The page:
Group photo taken shortly after the camp was established and before the barracks were built at Penn-Roosevelt State Park (1933)
From 1933 to 1942, hundreds of thousands of unemployed men worked as part of the Civilian Conservation Corps (CCC) in 151 camps throughout Pennsylvania.
Some camps were on army bases, some were in national parks, some worked with the soil conservation service, but most camps were in state parks and forests.
The CCC men fought forest fires; planted trees; constructed roads and buildings; built picnic areas, swimming areas, and campgrounds; among many other important job duties.
Unfortunately, during this time period, corps work was often segregated. There were 12 black CCC camps across Pennsylvania during the 1930s. Without the hard work of these corps members across the state, many state parks would not be what they are today, including Penn-Roosevelt and Pymatuning state parks.
Company 361 at Penn-Roosevelt State Park
Official company portrait, taken 1933-35 by D. J. MacDonald.
Penn-Roosevelt State Park did not exist until June 5, 1933, when members of the CCC Company 361 arrived to set up a work camp during the height of the Great Depression.
The camp at Penn-Roosevelt was first known as Camp S-62, Stone Creek Kettle. The camp at Stone Creek Kettle was one of the 12 black camps in Pennsylvania.
Corps members lived at the camp and constructed recreational facilities, including a 195-foot log-crib dam that has since been stone-faced. They also built many of the surrounding forestry roads and trails. Two fireplaces, a unique stone bake oven, and other ruins of the camp can still be found.
Other commendable efforts by Company 361 include:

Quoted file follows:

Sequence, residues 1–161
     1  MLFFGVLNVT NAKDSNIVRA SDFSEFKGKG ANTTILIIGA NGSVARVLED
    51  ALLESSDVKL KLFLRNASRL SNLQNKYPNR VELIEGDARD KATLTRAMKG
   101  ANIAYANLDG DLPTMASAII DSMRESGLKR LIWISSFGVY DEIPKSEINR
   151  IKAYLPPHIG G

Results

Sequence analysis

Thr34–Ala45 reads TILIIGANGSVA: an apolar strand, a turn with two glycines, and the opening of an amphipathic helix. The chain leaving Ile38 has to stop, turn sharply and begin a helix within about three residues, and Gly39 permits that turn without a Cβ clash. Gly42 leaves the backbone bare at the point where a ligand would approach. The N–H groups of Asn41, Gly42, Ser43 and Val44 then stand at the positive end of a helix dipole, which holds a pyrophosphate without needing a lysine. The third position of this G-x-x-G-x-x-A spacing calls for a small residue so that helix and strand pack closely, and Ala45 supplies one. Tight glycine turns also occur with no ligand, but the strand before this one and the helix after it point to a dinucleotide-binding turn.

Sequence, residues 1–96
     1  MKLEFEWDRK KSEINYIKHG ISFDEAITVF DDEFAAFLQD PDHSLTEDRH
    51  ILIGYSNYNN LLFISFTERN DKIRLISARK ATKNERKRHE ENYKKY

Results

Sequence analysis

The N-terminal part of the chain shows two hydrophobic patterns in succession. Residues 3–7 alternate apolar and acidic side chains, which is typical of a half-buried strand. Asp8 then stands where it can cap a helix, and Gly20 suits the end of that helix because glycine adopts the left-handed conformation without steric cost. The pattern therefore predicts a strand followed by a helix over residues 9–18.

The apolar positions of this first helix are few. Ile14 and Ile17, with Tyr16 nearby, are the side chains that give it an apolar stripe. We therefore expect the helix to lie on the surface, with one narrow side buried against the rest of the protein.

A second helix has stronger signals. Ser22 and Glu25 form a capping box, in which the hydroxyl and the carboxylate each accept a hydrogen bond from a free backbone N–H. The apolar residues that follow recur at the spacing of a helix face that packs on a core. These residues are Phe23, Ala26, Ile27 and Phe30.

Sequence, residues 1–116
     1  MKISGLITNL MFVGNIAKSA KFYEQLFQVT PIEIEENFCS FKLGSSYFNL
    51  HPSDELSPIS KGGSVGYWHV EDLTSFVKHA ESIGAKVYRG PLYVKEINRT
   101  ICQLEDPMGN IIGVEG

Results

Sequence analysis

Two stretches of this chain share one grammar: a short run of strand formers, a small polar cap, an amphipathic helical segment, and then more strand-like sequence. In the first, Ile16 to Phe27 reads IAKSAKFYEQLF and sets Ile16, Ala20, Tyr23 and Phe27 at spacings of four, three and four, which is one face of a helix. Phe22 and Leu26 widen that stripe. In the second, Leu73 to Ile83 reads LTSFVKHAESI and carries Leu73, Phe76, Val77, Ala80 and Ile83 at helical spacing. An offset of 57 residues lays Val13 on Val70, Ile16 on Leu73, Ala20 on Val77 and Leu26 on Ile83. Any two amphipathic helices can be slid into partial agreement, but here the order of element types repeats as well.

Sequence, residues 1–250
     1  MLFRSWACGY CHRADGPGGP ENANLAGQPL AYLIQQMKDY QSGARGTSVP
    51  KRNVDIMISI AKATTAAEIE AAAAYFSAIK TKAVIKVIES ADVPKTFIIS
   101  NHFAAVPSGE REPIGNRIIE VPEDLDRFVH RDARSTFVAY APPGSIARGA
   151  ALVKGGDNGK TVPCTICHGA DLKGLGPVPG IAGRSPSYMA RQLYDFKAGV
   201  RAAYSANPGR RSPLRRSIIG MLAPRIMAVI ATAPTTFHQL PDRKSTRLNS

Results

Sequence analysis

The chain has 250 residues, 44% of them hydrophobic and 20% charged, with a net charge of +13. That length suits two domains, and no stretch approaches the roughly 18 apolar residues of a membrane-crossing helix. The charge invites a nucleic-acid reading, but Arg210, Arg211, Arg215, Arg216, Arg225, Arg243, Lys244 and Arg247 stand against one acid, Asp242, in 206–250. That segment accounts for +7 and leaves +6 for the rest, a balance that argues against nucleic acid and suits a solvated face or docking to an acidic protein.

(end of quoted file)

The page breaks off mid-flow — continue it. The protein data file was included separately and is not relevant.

- In May 1934, the company was called to fight one of the largest forest fires in the history of Mifflin County, Pa. The Forestry Service sent “Letters of Commendation” to the company for their valiant services.
- On May 3, 1935, the company was honored with a personal inspection by the Corps Area Commander, who highly commended their accomplishments in development and beautification of their camp site.
- From March 18 to April 14, 1936, the company was called to assist in the rescue and rehabilitation work during the time of and after the severe flood at Sunbury, Pa. Many commendatory letters were received as a result of the valiant efforts during the grave crisis in Pennsylvania’s history.
Company 2312 at Pymatuning State Park
Company 2312 located at Westford, Pa., was organized in 1935. During this time, the CCC built Camp NP-11-PA at Pymatuning.
Major work projects included:
- The construction of a state garage
- Building of numerous parks
- Fighting forest fires and being involved in fire prevention efforts
- Moving and planting trees and shrubs
- Getting rid of undesirable structures
- Engaging in emergency flood relieve work
- Making topographic surveys
- Building roads, shelters, camp tables, benches, bridges, culverts, sewers, wells, camp stoves, trails, and parking areas
The company was called to fight three major fires and their efforts saved a great deal of valuable property in local communities.
The communities welcomed the great work of these corps members. During major flooding, the company was called to do rescue work in Pittsburgh and Johnstown. At one point during winter, snowfall was so heavy in the area that people were unable to travel to and from work, but the company members helped them.
Learn More About the CCC
To learn more about the CCC and the great work accomplished by black CCC companies, during Black History Month and year-round, visit DCNR’s website. At the bottom of the CCC Years web page, you can learn more about specific CCC companies, camps, or individuals.